President Felipe Calderón, Chair, Former President of Mexico

Lord Nicholas Stern, Co-Chair; Professor of Economics at LSE and President of the British Academy

Ingrid Bonde, Chief Financial Officer and Deputy Chief Executive Officer of Vattenfall AB

Sharan Burrow, General Secretary, International Trade Union Confederation (ITUC)

Suma Chakrabarti, President, European Bank for Reconstruction and Development (EBRD)

Helen Clark, Administrator, UN Development Programme (UNDP); Former Prime Minister of New Zealand

Dan Doctoroff, CEO, Sidewalk Labs; Former President and CEO, Bloomberg LP

S. (Kris) Gopalakrishnan, Co-Founder, Infosys

Angel Gurría, Secretary-General, Organisation for Economic Co-operation and Development (OECD)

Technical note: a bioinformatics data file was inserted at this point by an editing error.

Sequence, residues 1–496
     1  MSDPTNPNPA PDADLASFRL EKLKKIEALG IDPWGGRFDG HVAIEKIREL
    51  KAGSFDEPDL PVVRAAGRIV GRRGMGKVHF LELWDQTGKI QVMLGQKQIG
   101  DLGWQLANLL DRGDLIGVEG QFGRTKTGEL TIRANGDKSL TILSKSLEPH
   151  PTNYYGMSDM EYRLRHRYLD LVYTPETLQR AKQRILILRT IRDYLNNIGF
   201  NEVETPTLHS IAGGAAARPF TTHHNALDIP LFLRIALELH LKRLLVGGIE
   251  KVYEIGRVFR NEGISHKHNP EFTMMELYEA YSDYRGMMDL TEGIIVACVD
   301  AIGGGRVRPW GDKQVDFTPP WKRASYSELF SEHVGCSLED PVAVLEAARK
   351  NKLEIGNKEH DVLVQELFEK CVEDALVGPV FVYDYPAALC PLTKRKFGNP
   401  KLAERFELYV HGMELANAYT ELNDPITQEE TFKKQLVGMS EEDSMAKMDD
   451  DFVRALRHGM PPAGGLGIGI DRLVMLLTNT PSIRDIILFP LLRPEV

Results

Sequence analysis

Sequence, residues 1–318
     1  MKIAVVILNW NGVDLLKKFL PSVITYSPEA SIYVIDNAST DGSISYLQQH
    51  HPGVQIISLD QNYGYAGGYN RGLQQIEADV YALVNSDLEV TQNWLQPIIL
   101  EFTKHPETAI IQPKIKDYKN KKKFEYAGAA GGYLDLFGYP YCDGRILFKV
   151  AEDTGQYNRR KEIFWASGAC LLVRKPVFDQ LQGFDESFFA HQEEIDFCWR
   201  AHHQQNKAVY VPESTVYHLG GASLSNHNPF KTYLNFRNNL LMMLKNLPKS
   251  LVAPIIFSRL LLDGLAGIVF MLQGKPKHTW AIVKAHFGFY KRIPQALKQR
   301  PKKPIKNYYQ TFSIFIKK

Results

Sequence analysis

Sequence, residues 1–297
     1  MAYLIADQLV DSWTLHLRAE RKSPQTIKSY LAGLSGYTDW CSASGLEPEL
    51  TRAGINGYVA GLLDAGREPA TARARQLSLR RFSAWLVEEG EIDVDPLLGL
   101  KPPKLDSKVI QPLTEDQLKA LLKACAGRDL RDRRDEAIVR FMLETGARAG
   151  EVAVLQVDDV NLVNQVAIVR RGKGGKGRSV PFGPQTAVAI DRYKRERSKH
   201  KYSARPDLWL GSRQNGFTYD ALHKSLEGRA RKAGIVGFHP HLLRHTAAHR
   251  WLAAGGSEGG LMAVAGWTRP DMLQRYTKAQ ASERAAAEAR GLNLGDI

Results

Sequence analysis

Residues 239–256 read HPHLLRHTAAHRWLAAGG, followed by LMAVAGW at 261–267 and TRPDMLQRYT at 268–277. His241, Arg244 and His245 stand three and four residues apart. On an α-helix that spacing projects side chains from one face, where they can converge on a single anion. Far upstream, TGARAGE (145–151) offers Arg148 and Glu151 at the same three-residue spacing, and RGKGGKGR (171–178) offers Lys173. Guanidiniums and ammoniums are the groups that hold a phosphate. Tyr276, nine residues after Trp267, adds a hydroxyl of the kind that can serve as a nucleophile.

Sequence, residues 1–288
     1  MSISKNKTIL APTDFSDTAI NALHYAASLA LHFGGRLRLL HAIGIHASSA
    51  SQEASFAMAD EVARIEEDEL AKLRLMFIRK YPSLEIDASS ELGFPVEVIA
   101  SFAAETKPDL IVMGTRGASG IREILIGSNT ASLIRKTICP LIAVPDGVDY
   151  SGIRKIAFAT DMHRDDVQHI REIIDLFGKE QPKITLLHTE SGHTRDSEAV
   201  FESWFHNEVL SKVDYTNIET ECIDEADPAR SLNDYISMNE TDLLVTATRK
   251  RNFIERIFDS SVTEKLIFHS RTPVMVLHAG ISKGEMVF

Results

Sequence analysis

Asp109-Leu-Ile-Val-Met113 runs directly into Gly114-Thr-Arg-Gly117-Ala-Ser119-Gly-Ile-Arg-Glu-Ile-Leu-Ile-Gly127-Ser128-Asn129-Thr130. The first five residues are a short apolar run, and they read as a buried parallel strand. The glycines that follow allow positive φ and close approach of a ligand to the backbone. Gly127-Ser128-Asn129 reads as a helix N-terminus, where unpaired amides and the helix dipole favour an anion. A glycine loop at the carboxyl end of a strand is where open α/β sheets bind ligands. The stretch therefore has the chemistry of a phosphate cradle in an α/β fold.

Sri Mulyani Indrawati, Managing Director and Chief Operating Officer of the World Bank and Former Finance Minister of Indonesia

Naina Lal Kidwai, Chairman, HSBC India and Director of HSBC Asia Pacific

Caio Koch-Weser, Vice Chairman, Deutsche Bank Group; Chair, European Climate Foundation

Ricardo Lagos, Former President of Chile

Michel Liès, CEO of the Swiss Re Group

Trevor Manuel, Former Minister and Chairperson of the South African Planning Commission and Former Finance Minister of South Africa

Takehiko Nakao, President of the Asian Development Bank

Ngozi Okonjo-Iweala, Former Finance Minister of Nigeria

Eduardo Paes, Mayor of Rio de Janiero

Annise Parker, Mayor of Houston

Paul Polman, CEO of Unilever

Christian Rynning-Tønnesen, President and CEO of Statkraft

Kristin Skogen Lund, Director-General of the Confederation of Norwegian Enterprise

Jean-Pascal Tricoire, CEO and Chairman, Schneider Electric

Maria van der Hoeven, Former Executive Director of the International Energy Agency (IEA)